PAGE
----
A charismatic smile has been linked to success via a number of international studies throughout the ages, but it doesn’t take modern science to see the common thread:
Picture president Barak Obama, ex-president Bill Clinton, Marilyn Monroe, George Clooney, Will Smith, Simon Baker and Julia Roberts.
While these people clearly possess other talents that have taken them to the top of their game, there is no doubt that they share at least one quality that cannot be denied - a 1000-watt smile that is so magnetic, so heartfelt, that people cannot help but smile right back.
"A charismatic smile can hold the key to personal and professional success, because it not only defines how you feel inside, but also how others respond to you," says Gurgenidze.
Common belief holds that we smile because we are happy, but modern science is proving that it is more likely that we are happy because we smile.
Research on the impact of a smile began in earnest in the 1970s, when Carroll Izard (1971) concluded that emotions (such as happiness) have the capacity to affect personalities and life outcomes by influencing how people think, behave and interact with others.
This study was expanded upon in 2001 and again in 2009. The two separate studies proved that people with positive emotions are happier and have more stable personalities, more committed marriages and better cognitive and interpersonal skills than those with negative emotions, throughout their life spans.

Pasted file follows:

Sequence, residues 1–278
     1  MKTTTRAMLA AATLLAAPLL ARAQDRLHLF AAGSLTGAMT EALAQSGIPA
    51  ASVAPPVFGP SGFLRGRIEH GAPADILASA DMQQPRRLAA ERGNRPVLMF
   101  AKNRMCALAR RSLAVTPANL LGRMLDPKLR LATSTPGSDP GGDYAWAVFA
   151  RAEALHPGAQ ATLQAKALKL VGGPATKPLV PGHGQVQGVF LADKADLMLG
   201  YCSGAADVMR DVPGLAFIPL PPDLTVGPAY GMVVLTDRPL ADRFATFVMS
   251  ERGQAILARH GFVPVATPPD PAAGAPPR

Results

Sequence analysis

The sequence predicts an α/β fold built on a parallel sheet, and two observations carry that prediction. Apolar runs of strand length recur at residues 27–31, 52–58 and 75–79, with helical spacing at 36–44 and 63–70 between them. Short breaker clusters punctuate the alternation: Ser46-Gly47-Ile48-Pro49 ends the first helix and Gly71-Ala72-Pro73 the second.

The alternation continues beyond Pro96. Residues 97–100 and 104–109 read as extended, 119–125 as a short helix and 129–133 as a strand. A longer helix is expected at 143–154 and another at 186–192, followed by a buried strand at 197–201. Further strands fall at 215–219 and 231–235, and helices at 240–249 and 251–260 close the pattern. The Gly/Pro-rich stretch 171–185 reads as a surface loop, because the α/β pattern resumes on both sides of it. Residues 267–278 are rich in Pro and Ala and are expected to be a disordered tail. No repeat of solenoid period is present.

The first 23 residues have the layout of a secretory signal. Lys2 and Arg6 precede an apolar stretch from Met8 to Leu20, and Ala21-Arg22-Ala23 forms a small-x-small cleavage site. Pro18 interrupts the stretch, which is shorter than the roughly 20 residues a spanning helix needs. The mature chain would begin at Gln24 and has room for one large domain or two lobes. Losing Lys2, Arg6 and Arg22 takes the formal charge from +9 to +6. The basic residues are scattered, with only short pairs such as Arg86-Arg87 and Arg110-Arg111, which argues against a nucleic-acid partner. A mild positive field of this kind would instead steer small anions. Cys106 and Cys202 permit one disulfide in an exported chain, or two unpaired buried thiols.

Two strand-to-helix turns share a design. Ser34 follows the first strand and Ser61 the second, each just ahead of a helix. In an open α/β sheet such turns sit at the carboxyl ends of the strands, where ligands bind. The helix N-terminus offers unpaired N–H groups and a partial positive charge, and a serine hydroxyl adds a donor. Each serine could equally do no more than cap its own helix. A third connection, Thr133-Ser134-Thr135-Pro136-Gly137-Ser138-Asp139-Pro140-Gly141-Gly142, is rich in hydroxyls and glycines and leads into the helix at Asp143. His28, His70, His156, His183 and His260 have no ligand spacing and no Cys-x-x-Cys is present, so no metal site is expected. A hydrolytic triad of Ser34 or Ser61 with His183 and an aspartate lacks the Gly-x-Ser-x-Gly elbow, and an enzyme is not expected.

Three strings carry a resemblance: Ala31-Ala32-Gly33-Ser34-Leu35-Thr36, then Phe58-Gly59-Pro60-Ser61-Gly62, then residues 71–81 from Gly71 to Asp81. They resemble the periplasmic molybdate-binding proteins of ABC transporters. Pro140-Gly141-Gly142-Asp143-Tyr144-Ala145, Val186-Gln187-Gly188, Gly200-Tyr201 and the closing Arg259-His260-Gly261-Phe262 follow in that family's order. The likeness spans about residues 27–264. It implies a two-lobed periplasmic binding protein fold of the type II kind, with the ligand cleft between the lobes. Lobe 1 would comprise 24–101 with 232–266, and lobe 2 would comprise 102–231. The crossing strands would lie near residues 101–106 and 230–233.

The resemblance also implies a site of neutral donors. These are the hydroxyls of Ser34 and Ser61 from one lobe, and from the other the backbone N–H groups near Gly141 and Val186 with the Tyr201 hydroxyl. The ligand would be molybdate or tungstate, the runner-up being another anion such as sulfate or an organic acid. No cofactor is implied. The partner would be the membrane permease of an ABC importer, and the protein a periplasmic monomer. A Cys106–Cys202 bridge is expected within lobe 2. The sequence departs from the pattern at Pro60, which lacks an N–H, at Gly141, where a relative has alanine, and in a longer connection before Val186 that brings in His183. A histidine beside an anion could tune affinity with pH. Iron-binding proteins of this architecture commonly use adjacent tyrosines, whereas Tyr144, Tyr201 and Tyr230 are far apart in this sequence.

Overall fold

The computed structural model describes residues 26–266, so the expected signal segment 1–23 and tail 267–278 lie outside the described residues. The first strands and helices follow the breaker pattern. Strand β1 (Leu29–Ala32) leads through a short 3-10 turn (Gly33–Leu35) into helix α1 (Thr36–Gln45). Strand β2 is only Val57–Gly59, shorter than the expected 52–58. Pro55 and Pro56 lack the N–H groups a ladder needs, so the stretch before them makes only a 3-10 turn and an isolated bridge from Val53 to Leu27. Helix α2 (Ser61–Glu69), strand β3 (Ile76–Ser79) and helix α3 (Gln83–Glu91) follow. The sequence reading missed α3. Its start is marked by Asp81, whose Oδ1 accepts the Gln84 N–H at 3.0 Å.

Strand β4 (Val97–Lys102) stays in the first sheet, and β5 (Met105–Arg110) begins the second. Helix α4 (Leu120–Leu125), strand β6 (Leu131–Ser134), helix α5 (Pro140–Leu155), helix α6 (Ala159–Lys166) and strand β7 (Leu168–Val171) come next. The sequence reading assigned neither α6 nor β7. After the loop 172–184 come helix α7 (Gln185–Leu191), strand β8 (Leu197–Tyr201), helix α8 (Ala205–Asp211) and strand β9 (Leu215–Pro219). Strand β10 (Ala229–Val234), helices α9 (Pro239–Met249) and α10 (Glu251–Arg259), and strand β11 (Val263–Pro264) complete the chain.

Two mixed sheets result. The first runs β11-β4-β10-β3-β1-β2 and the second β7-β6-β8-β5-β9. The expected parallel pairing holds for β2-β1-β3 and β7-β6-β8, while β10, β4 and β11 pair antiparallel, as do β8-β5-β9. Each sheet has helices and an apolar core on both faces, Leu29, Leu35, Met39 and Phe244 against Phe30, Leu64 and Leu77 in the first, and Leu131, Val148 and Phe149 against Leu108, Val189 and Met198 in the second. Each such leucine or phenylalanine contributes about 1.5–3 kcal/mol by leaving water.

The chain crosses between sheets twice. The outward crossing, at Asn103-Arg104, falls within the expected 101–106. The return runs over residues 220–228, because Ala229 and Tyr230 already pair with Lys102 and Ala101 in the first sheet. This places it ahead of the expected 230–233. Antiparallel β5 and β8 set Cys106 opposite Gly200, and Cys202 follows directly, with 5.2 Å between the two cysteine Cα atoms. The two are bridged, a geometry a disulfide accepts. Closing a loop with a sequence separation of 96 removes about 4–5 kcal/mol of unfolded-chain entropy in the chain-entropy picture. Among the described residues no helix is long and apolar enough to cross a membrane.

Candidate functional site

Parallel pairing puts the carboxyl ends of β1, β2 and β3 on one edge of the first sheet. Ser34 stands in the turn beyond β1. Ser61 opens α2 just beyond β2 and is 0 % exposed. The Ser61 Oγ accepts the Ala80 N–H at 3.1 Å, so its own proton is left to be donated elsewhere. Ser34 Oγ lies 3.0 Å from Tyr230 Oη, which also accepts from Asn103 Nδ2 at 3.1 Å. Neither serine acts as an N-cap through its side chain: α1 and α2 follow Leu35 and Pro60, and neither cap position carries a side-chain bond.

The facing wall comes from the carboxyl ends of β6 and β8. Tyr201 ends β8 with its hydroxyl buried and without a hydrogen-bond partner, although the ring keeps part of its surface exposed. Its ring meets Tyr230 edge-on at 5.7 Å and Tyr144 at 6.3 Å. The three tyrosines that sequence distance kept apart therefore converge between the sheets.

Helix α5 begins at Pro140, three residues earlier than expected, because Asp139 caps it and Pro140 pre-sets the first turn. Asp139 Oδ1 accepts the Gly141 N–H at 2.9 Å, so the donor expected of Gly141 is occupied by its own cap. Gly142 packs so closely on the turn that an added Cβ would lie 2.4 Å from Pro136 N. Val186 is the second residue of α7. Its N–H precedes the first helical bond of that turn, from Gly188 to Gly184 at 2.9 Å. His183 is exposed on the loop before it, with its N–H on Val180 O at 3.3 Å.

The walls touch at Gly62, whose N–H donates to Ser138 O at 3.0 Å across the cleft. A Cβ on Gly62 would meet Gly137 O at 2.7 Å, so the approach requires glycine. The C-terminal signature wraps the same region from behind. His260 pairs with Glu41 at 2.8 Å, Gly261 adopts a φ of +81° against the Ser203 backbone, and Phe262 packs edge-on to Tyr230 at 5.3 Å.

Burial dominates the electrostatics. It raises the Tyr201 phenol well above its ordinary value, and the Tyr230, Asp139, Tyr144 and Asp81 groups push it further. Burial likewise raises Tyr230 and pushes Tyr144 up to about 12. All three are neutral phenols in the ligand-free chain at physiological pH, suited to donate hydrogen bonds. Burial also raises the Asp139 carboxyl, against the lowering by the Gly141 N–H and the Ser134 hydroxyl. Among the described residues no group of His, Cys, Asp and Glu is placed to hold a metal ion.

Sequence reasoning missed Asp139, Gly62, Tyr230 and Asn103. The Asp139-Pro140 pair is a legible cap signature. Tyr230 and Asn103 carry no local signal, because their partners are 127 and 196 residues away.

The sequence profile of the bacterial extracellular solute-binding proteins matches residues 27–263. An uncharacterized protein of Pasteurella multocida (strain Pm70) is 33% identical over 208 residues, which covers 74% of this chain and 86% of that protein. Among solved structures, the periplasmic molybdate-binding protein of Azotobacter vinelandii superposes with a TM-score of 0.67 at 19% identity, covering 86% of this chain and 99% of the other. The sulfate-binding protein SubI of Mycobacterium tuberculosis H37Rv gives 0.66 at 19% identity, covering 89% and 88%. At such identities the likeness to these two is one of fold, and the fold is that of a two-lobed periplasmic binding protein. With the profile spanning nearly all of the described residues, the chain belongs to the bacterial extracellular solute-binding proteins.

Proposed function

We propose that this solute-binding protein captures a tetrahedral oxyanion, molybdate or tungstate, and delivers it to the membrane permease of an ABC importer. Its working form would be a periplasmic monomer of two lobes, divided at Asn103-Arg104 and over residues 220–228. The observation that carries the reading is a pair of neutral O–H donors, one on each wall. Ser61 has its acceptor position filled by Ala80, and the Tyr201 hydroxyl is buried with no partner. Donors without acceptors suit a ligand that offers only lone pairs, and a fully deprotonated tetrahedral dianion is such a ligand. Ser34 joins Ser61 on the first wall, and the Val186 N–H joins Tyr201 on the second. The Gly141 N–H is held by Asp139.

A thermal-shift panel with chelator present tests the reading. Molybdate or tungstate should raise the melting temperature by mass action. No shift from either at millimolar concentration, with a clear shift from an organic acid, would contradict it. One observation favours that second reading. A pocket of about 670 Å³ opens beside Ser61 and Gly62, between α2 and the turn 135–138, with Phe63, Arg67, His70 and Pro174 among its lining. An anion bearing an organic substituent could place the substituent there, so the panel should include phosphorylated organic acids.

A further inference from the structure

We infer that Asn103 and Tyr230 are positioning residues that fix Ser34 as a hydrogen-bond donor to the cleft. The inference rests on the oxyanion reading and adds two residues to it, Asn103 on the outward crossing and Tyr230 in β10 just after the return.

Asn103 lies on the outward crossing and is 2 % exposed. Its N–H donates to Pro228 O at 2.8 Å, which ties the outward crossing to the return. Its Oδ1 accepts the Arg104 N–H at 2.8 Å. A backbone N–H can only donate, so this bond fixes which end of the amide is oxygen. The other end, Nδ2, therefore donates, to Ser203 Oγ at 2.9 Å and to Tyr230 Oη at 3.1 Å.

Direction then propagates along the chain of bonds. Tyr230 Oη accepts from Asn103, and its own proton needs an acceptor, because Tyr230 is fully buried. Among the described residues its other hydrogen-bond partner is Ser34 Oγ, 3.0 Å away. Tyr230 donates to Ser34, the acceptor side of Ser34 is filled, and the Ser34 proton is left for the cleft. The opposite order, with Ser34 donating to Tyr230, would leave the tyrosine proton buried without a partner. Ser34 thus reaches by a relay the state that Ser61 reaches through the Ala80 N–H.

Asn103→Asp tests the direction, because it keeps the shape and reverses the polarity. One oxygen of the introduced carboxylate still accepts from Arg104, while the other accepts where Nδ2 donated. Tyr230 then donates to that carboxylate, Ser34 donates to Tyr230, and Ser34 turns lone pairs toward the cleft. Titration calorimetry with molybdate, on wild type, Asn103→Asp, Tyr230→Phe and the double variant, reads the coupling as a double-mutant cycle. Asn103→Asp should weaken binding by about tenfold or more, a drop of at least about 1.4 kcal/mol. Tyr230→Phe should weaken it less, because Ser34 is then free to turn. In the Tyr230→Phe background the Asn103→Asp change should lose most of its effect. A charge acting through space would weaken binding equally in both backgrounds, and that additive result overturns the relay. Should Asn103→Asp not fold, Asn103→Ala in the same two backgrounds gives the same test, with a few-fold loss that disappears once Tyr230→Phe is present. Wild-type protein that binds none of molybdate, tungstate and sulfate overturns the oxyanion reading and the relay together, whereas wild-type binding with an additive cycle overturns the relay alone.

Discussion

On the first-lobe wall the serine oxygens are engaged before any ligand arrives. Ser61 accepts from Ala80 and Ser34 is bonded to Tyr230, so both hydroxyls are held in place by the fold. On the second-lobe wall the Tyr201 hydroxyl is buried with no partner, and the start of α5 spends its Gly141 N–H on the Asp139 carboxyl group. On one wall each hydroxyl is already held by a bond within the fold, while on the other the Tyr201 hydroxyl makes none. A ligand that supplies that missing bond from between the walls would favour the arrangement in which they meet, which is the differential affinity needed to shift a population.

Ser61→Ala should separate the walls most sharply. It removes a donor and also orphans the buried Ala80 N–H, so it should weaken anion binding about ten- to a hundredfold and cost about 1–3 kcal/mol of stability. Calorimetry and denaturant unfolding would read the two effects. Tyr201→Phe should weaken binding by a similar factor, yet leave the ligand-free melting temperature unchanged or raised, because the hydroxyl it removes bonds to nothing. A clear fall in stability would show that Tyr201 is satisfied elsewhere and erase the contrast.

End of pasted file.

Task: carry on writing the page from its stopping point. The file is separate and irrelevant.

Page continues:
More recently, in 2012, two longitudinal studies used Facebook photographs to demonstrate that smile intensity coded from a single Facebook profile photograph, submitted by a selection of male and female participants in their first semester at college, was a robust predictor of self-reported life satisfaction three and a half years later.
"The bottom line is that people respond better to people who smile charismatically than they do to people who don’t, and this response is often what determines our success in life," says Gurgenidze.
She adds that while emotion normally leads to expression, it has also been proven that expression can lead to emotion. In his Facial Feedback Hypothesis study in 2002, Robert Soussignan proved the notion that the construction of an expression will produce the subjective feeling of an emotion.
Says Gurgenidze: "Basically, if you force your face to look angry or happy, the rest of your body will react as well, and you may involuntarily begin to feel those emotions."
"A look of anger will make your heart speed up and your blood vessels dilate until your skin turns red; while a genuine smile will actually result in the release of endorphins."
This specific hypothesis has been further supported by a study entitled Grin and Bear it: The Influence of Manipulated Facial Expression on the Stress Response (2012), which revealed that holding a smile can actually help relieve the physiological symptoms of stress.
Incredibly, a study conducted in 2010, has also linked smile intensity to longevity.
"So it is absolutely true that your smile can hold the key to your personal happiness, and so too, to your personal and professional success," says Gurgenidze.